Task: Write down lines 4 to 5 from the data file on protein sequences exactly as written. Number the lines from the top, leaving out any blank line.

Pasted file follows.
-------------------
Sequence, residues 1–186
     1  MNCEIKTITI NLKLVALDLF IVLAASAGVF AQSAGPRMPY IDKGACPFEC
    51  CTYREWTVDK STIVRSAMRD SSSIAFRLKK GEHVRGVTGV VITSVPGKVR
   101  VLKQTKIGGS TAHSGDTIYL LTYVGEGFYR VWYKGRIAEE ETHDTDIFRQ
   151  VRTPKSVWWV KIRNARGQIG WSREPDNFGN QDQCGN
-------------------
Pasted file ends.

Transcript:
   101  VLKQTKIGGS TAHSGDTIYL LTYVGEGFYR VWYKGRIAEE ETHDTDIFRQ
   151  VRTPKSVWWV KIRNARGQIG WSREPDNFGN QDQCGN